Alla Moda Italian Ceramics Exhibition Launches

It’s out and it’s on!
Last Saturday I joined Graham Cooley at the King’s Lynn Arts Centre in King’s Lynn, Norfolk, to launch Alla Moda, the exhibition behind my latest book. With over 750 ceramics on display, Graham’s private collection is almost certainly the largest private collection of Italian ceramics in Europe, if not the world.
The main room houses a truly stunning display of ceramics by major makers, and is dominated by a central grouping of hexagonal pedestals displaying Bitossi ceramics from the 1950s-80s. Even if you think you know Bitossi, you’re sure to find many surprises here. We know this as a number of dedicated Bitossi collectors kindly joined us for the launch, and all went home with dozens of ‘new’ ranges to look out for and add to their collections. Fans of Bitossi designer Aldo Londi’s famous ‘Rimini Blu’ range will be delighted by the 100+ pieces on display, which include his hotly sought-after stylised animals, and some very rare forms and glazes. Just because it’s Bitossi and blue, it doesn’t mean it’s ‘Rimini Blu’…come along and find out what I mean…

If Bitossi isn’t big enough (and believe me, it is), those looking for ‘the next big thing’ will find more to tempt on the back wall, where two wide shelves display the work of a ‘forgotten’ factory. I’m not going to tell you who it is here – you’ll have to visit the exhibition or buy my book (preferably both) to find out. All I can tell you is that it’s a VERY BIG thing, and you will certainly have seen these ceramics before at a fair or in a shop and wondered who made them. Come along and find out so you don’t pass them by again – you’ll kick yourself if you don’t! So far Graham and I have identified dozens of ranges and attributed them to this factory, but we feel that there are many more out there. This is just the tip of the iceberg, and there’s so much more to find, and find out.
A separate barn houses over 100 ceramics produced by the many factories based on San Marino. You’ll know the ones I mean – the most commonly found designs have sgrafitto designs of lady’s heads with stylish hairstyles on red background. A textured, rock-like glaze in brown, black and white, or grey is also another hallmark feature. These are complimented by ceramics produced in and around Florence in the style of Marcello Fantoni, ceramics produced in Deruta, and vibrantly coloured, eccentric ceramics produced by an unknown designer known only as the ‘Flower Painter’.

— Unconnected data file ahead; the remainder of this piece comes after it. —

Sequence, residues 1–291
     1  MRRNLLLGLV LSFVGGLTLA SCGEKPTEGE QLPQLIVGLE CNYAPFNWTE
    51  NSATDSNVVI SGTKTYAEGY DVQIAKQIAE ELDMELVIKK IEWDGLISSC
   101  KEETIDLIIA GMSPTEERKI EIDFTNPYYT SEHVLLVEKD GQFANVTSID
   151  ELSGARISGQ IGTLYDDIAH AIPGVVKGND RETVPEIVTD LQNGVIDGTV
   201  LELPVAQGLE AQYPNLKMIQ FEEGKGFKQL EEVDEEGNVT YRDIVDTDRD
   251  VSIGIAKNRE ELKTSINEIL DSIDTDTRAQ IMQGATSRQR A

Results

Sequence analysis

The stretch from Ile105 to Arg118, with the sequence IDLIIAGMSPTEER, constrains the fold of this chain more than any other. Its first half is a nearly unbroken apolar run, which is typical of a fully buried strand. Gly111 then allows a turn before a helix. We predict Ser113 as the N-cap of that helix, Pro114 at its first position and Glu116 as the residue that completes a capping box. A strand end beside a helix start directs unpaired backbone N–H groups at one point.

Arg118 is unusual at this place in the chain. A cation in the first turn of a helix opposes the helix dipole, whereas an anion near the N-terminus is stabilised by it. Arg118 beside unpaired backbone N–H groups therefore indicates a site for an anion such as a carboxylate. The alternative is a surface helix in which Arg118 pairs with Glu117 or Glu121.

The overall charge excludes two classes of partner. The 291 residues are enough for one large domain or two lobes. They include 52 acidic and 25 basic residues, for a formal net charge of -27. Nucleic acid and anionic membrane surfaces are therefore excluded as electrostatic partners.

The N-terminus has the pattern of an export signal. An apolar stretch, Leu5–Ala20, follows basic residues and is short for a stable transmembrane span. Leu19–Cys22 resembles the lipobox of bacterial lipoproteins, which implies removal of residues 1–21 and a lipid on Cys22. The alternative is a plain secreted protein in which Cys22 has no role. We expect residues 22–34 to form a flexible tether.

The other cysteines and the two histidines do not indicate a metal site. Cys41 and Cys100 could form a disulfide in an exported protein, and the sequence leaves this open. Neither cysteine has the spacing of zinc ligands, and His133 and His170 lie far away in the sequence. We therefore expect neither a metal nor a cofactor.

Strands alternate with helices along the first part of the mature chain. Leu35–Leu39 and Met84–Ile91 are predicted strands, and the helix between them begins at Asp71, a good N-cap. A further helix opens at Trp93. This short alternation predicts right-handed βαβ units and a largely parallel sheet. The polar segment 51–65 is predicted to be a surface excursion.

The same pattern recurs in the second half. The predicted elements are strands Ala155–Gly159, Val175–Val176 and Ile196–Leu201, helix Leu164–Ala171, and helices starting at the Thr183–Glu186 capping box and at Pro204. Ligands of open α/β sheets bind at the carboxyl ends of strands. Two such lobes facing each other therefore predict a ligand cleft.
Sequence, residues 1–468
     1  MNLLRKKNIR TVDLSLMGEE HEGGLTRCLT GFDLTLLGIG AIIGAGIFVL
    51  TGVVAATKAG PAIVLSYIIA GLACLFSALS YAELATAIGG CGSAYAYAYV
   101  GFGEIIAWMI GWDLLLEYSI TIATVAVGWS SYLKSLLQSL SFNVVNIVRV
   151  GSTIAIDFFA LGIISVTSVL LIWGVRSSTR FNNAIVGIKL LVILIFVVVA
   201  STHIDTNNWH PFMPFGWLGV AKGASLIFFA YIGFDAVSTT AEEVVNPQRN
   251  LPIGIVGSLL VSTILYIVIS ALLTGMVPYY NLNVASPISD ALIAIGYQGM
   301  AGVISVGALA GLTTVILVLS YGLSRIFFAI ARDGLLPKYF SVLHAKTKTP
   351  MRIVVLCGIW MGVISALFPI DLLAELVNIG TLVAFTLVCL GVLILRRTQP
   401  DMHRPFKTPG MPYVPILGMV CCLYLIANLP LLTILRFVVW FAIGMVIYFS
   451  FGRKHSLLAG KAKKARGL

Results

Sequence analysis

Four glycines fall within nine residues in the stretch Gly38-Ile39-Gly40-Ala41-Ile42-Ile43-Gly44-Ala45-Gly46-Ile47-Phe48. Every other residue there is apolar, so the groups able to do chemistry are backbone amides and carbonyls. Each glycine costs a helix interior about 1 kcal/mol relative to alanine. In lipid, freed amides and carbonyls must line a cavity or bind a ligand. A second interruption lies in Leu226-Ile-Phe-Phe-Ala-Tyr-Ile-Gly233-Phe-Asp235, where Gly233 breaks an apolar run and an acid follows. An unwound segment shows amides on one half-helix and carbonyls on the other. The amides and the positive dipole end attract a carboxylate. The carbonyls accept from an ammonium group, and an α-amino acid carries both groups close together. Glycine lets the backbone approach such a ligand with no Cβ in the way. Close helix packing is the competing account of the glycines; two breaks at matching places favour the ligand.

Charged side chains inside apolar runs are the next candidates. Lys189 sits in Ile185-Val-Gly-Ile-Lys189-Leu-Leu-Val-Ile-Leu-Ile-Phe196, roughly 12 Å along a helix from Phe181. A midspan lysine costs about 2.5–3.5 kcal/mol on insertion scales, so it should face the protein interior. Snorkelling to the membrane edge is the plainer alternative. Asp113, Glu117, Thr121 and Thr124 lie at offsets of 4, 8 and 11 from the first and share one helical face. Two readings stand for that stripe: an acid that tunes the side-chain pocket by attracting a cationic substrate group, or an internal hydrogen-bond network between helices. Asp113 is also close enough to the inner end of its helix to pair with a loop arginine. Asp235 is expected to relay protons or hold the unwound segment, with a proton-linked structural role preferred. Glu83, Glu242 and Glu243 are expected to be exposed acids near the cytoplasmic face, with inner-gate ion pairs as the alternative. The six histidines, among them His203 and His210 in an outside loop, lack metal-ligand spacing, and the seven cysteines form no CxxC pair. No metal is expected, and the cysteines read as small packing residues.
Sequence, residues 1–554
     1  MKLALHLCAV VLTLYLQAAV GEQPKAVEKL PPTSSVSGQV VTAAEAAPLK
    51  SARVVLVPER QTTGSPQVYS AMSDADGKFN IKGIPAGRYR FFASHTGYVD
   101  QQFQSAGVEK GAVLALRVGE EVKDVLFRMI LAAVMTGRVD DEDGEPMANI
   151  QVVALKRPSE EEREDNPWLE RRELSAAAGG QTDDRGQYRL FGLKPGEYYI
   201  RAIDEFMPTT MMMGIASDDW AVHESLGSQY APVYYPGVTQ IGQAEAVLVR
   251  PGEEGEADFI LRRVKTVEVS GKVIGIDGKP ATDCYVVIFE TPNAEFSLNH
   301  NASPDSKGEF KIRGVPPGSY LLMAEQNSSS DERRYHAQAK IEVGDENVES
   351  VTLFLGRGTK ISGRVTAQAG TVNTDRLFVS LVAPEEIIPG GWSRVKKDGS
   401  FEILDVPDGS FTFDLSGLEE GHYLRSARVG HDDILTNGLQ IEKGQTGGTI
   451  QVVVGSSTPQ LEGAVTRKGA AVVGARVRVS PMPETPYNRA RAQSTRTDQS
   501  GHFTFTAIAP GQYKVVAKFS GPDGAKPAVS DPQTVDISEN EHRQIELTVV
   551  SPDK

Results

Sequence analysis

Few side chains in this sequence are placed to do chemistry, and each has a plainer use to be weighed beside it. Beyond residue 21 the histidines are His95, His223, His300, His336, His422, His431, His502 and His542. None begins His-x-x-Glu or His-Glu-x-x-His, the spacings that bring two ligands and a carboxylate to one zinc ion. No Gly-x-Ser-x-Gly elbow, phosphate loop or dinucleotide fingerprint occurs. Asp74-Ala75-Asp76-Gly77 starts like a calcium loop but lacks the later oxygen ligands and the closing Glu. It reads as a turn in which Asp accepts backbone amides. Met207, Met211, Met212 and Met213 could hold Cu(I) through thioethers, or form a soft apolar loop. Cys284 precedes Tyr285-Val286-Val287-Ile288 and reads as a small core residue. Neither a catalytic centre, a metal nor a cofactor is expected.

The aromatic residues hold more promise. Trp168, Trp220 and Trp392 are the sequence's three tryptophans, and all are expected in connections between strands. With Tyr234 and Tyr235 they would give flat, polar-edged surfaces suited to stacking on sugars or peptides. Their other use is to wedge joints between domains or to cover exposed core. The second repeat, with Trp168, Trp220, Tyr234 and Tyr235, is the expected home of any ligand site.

The launch itself was very well attended, with over 250 collectors and design and vintage fans coming across the day to see and learn. I spent the morning appraising and valuing 20thC ceramics, and Graham took small groups on friendly tours of his collection.
I know I’m kind of involved in it all, but even I was staggered by the scale and importance of the pieces on display. It also looks wonderful together. There were many new additions since I completed photography for the book, all of which I would have loved to have included – so the only place to see them is there.
When Graham and I start work on these subjects, one of the most important first steps is to gather everything together in one room. Once you do that, threads start to form in terms of shape, glaze types and colours. When you see all of these highly diverse ceramics together and displayed so well, it will all make sense. I guarantee that you’ll see these ceramics in a completely new light once you’ve seen this exhibition.
Once again, Graham and the astoundingly talented and hard-working team at the Arts Centre have pulled out all the stops and produced a truly stunning, ground-breaking show. So many visitors exclaimed that this could very easily be the next ‘Fat Lava’. Go! Be there at the start! The exhibition is free to enter, and runs until 19th August. Check out to find out more.

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